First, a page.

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As drones become smarter, they could be harnessed by terrorists to carry out deadly attacks, the EU commissioner has warned. One scenario involves the aircraft spreading biological agents over a football stadium.
The European Commission on Saturday warned about the potential use of drones to carry out terrorist attacks.
In an interview with the German newspaper Welt am Sonntag, which was published online on Saturday, EU Security Commissioner Julian King said the technology could be deployed by those seeking to attack European cities and citizens.
"Drones are becoming ever more powerful and smarter, which makes them increasingly attractive for legitimate use, but also for hostile acts," he said.
As the technology advances, King said it was vital for authorities to "monitor the threat both as it appears today and how it will look in the future."
Welt cited a scenario outlined by France's counterterrorism agency in which unmanned drones carrying biological agents may drop their payload over football stadiums.
Citing informed sources, the newspaper said France's coordination unit for the fight against terrorism (UCLAT) had issued a secret report last December to the European Parliament's special committee on terrorism warning of such a possibility.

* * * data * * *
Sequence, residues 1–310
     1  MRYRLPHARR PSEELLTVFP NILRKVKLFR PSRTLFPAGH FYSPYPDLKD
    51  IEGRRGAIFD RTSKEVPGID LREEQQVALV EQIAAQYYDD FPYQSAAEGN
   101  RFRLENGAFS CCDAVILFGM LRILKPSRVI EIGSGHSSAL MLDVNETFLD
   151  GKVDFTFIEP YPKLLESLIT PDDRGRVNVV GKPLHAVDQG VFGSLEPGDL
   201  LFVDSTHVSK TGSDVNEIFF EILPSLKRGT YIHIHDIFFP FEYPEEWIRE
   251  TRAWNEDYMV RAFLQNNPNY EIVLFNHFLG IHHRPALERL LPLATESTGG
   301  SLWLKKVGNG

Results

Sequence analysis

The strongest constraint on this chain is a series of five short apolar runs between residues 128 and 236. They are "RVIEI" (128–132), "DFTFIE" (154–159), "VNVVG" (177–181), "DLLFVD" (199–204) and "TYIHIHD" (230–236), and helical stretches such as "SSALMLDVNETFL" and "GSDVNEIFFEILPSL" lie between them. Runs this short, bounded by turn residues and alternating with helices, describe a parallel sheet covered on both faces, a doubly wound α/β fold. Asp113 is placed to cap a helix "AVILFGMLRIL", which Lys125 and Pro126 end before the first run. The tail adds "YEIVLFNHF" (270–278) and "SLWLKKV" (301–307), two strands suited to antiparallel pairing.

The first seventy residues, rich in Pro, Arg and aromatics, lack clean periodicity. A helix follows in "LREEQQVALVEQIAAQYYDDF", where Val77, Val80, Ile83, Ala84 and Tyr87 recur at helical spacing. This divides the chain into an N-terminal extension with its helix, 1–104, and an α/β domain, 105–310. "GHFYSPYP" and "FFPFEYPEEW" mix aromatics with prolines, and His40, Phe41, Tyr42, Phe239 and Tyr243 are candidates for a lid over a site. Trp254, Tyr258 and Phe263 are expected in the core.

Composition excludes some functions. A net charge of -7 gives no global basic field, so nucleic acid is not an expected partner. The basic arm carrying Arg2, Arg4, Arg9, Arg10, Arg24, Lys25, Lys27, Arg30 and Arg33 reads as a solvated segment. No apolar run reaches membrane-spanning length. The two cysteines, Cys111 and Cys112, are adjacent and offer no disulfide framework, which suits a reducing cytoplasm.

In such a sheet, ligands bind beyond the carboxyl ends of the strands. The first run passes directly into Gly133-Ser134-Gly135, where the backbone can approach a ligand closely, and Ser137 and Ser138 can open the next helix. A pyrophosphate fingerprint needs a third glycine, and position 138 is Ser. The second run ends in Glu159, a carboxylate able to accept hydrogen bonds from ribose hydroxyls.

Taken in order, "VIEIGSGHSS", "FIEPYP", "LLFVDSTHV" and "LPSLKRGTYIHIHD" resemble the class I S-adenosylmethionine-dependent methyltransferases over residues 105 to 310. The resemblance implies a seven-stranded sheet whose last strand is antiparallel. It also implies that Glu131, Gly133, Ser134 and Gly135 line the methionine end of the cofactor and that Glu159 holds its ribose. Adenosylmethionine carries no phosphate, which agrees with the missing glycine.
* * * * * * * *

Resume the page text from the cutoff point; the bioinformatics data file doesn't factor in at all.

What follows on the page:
King said the Commission is supportive of efforts by EU states "to build networks for sharing information, increasing international engagement, and to provide funding for projects to counter the threat of drones."
Drone technology has been harnessed for military purposes since the 1960s and has played a key role in conflicts ever since the 1991 Gulf War. The United States and Israel dominate the market for military unmanned aircraft. China, meanwhile, is the world's No. 1 producer of civilian drones.
In the wrong hands
The Lebanese militant group Hezbollah is reported to have the most advanced drone technology of any non-state actor. The Iran-backed Houthi rebels have also used drones to target Saudi air defenses in Yemen's civil war.
Drones are increasingly used for criminal activities. Organized crime gangs have deployed the technology to smuggle drugs, cigarettes and other high-value goods across borders and even into prisons.
Other malicious use of rogue drones included the 30-hour disruption to flights at Britain's Gatwick Airport in December 2018.
In February, Germany's armed forces, the Bundeswehr, carried out tests on technology to counteract intrusive drones to prevent a similar incident happening at a German airport.
The increased threat from drones has prompted several companies to invent technologies that can force the aircraft out of the sky. They include hand-held weapons, drones fitted with nets to catch offending vehicles, and electronic fences that jam drone signals.